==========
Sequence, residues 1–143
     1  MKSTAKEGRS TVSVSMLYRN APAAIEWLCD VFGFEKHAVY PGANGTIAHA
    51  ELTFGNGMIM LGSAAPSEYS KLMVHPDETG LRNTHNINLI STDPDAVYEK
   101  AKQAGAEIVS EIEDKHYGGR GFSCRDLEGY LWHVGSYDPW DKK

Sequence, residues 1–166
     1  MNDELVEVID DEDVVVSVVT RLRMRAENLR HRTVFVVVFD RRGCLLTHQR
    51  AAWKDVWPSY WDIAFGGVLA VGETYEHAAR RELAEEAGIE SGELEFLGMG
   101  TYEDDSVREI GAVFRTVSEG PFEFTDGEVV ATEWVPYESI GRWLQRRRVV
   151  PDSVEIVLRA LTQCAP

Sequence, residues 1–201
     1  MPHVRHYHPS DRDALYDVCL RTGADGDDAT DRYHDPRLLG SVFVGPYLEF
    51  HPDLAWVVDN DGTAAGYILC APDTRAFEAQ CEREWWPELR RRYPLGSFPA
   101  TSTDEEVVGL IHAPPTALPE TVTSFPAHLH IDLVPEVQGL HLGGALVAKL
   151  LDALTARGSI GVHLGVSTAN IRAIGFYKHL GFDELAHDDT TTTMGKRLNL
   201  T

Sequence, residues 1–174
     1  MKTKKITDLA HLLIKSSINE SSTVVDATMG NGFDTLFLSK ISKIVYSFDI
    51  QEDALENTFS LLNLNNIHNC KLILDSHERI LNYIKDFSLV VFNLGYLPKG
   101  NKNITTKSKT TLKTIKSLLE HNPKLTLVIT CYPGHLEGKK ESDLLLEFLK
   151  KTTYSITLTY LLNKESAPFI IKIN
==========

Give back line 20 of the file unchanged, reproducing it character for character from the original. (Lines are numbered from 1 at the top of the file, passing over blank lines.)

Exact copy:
   151  KTTYSITLTY LLNKESAPFI IKIN